"[Sudan Vision] also learned that the organization announced that
rebels abducted three of its employees; a move it intended to use as a
smoke screen after it felt that its plans were unfolded. Observers also
believe that the organization's announcement came as a cover of the
presence of the three with rebels doing certain tasks. It is worth
mentioning that this same organization used to provide rebels with fuel.
It was caught doing that in January and it officially apologized to the
authorities concerned for that act."

Though clearly these are preposterous charges---and of course if they
had any merit the (notably) unnamed organization would have been
expelled from Sudan---they reveal a pattern of domestic incitement that
has already had a pervasive effect on the way in which humanitarian
organizations are treated by various of Khartoum's military,
intelligence, and political officials.

THE GENOCIDAL STATUS QUO

Despite recent comments from Jan Pronk (the Secretary-General's special
representative for Sudan), Jan Pronk (UN humanitarian coordinator), and
the African Union about increasing the present vastly inadequate AU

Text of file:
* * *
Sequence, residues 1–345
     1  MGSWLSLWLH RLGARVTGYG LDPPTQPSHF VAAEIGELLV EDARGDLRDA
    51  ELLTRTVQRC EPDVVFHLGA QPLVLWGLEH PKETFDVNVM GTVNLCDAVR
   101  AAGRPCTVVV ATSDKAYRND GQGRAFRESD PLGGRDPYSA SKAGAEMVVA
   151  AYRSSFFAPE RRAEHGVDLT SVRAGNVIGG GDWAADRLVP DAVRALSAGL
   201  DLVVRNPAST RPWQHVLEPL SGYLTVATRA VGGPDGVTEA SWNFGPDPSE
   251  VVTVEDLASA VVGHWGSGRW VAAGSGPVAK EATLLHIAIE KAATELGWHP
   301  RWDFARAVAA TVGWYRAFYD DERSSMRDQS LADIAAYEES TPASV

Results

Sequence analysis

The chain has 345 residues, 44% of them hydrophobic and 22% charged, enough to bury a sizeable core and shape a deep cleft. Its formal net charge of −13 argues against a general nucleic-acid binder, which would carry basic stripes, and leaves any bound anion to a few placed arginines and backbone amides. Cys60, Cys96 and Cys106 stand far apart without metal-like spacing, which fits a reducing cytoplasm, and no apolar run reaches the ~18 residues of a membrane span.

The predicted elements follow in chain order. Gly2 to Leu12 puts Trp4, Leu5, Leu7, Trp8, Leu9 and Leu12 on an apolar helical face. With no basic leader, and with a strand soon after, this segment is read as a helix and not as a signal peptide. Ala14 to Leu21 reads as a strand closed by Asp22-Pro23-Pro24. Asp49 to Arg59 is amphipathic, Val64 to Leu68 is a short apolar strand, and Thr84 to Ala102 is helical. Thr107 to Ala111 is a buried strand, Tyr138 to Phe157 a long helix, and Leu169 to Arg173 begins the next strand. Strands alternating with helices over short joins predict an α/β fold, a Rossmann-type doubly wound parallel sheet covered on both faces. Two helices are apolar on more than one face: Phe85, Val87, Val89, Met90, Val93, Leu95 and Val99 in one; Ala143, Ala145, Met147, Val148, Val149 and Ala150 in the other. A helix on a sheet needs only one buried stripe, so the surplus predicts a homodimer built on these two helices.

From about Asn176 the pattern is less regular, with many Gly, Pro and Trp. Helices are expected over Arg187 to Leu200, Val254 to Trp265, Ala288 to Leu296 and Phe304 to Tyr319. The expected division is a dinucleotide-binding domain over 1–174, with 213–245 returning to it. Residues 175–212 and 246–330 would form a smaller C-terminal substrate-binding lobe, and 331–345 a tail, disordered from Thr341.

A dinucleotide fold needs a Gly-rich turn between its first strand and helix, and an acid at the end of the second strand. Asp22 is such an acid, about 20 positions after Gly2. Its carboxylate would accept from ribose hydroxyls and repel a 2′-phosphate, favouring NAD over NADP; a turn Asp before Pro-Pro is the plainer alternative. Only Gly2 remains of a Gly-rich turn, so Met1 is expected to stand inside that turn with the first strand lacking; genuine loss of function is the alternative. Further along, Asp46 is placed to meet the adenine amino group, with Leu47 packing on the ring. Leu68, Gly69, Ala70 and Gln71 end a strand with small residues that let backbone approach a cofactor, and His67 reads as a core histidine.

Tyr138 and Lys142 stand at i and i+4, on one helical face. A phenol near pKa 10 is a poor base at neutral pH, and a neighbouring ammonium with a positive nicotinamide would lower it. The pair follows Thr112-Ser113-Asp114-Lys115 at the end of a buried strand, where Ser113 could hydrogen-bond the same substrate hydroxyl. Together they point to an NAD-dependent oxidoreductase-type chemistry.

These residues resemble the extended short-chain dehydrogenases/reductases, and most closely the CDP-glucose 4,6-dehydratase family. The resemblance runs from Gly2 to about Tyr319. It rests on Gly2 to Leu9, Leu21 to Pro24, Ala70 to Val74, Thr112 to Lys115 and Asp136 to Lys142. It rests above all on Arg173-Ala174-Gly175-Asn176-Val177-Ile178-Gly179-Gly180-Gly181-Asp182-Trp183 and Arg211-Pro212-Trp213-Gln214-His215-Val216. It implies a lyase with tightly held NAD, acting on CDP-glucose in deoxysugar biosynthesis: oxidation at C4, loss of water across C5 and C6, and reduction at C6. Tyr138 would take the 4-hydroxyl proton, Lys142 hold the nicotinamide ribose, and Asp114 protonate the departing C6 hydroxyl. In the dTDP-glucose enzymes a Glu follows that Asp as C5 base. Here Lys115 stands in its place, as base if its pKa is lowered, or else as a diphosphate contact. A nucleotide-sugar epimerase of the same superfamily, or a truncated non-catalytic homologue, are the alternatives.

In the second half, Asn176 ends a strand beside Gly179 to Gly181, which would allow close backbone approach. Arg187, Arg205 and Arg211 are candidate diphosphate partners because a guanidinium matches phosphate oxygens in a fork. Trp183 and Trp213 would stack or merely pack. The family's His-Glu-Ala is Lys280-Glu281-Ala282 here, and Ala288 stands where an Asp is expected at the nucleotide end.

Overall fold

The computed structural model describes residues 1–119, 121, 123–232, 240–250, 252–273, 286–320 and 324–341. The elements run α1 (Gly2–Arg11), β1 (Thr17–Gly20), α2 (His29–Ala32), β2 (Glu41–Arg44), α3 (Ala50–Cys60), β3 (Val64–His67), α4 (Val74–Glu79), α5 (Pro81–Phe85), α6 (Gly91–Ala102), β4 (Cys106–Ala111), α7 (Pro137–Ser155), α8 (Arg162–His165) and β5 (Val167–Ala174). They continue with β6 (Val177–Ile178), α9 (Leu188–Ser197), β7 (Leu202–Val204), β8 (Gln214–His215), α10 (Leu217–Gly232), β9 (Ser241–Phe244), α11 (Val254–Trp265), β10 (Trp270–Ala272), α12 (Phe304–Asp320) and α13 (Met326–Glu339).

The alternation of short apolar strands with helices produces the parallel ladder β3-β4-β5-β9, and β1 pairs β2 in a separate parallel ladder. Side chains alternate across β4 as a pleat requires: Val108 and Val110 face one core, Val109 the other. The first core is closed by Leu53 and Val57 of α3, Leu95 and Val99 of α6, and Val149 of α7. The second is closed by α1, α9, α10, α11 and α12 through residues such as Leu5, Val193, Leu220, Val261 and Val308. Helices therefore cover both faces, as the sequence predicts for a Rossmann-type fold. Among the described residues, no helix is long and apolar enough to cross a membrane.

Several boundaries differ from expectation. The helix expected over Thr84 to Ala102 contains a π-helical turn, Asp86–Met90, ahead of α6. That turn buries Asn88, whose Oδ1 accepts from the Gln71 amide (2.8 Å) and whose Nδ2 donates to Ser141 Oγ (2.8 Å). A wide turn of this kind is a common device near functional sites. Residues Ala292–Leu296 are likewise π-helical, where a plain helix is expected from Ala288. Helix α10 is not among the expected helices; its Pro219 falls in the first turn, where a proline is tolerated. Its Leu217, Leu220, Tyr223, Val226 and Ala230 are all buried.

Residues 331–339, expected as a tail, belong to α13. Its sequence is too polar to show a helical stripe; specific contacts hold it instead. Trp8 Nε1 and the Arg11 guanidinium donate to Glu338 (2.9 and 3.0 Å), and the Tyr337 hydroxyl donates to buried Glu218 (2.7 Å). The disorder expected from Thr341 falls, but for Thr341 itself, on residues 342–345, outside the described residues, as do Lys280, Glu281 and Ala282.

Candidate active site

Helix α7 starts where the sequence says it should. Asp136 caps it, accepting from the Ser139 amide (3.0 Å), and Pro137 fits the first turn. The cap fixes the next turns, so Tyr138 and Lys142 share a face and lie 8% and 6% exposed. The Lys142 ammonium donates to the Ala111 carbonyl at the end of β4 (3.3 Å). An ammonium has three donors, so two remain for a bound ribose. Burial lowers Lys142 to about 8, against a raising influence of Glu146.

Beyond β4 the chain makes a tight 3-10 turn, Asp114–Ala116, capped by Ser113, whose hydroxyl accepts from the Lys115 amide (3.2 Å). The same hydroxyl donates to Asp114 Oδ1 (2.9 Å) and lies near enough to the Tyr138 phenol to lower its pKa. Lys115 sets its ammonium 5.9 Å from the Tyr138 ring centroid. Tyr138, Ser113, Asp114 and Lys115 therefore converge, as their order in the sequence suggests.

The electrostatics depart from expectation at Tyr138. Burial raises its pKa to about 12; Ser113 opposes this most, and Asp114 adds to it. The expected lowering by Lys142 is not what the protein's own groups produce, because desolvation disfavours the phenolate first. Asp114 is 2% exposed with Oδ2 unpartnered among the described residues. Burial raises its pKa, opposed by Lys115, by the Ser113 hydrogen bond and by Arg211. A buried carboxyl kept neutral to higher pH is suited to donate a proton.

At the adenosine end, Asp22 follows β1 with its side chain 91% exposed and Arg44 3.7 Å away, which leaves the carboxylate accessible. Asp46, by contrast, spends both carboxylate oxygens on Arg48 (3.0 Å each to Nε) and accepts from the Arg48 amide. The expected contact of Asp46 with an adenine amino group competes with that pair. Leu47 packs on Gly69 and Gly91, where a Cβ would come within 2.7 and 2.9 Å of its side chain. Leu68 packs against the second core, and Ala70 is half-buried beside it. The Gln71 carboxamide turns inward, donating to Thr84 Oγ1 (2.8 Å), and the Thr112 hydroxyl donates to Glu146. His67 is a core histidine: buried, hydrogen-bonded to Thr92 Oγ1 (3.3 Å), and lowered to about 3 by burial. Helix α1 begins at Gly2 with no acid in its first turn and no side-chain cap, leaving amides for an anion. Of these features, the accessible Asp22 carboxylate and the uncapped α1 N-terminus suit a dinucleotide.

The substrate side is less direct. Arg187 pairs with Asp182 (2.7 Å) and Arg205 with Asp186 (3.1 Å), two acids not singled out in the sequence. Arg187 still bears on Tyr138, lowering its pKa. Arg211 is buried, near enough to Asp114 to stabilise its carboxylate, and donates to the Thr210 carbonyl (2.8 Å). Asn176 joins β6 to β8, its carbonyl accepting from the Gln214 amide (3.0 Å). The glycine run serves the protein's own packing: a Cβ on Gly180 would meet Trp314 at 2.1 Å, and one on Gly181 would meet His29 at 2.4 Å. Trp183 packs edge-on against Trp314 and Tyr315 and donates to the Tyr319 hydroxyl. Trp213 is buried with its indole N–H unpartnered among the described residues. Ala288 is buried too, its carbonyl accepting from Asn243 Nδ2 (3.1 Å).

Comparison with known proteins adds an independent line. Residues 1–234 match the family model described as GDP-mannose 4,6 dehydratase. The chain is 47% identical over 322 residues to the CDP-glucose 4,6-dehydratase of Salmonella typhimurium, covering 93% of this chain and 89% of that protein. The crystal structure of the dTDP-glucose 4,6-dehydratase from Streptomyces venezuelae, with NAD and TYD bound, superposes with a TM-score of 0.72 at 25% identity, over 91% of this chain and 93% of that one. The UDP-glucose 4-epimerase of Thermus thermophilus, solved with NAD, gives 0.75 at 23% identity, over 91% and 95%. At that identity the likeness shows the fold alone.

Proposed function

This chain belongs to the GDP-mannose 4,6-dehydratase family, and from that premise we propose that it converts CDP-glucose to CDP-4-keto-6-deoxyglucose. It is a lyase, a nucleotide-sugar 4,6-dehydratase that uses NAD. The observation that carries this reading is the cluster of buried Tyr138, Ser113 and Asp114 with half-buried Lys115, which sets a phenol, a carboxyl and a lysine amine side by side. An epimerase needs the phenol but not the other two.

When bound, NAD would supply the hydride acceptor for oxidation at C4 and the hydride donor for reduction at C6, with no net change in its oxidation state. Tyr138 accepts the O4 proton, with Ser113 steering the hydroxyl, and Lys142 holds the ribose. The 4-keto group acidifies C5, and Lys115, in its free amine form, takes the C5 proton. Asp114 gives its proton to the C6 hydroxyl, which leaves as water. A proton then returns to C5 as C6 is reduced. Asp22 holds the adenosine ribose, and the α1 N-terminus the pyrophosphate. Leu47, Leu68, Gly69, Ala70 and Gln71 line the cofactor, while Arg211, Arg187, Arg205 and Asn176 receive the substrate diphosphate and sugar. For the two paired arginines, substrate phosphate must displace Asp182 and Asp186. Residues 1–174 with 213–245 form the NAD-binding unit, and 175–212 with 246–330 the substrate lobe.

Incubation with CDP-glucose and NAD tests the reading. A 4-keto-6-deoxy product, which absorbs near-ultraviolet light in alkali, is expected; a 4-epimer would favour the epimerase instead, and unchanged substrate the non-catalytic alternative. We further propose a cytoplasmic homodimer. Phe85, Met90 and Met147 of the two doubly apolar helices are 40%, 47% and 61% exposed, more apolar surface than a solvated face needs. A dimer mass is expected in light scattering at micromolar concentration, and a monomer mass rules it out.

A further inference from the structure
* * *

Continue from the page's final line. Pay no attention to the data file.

force in Darfur, there is no evidence of a willingness by the
international community to consider the serious inadequacies of even
this proposed larger force (ranging from 6,000 to 10,000 AU
personnel)---or to assess realistically the ability of the AU to move
substantially and rapidly beyond its present force of an inadequately
equipped 2,200 personnel (which has required half a year to deploy and
is still well short of its original target figure of 3,500 to 4,000
personnel). Nor is there frank international acknowledgement that the
AU has been politically unable to secure from Khartoum a meaningful
mandate for civilian protection in Darfur. In turn, this military and
political weakness ensures that the AU has been unable to provide
effective diplomatic auspices or a credible peace-negotiating forum.
There is still no date set for a resumption of peace talks.

Relentlessly, amidst international disingenuousness, expediency,
indifference, and callous self-interest, security deteriorates in
Darfur. Whatever hopes for meaningful humanitarian intervention that
may have flickered over the past weeks have been extinguished. The UN
has passed its resolutions; Western leaders have either expended their
rhetorical energies or simply remained silent.

For lack of humanitarian intervention, so especially conspicuous on the
11th anniversary of the Rwandan genocide, human destruction in Darfur
continues to grow---inexorably, unforgivably.

Eric Reeves
Smith College
Northampton, MA 01063
ereeves@smith.edu
www.sudanreeves.org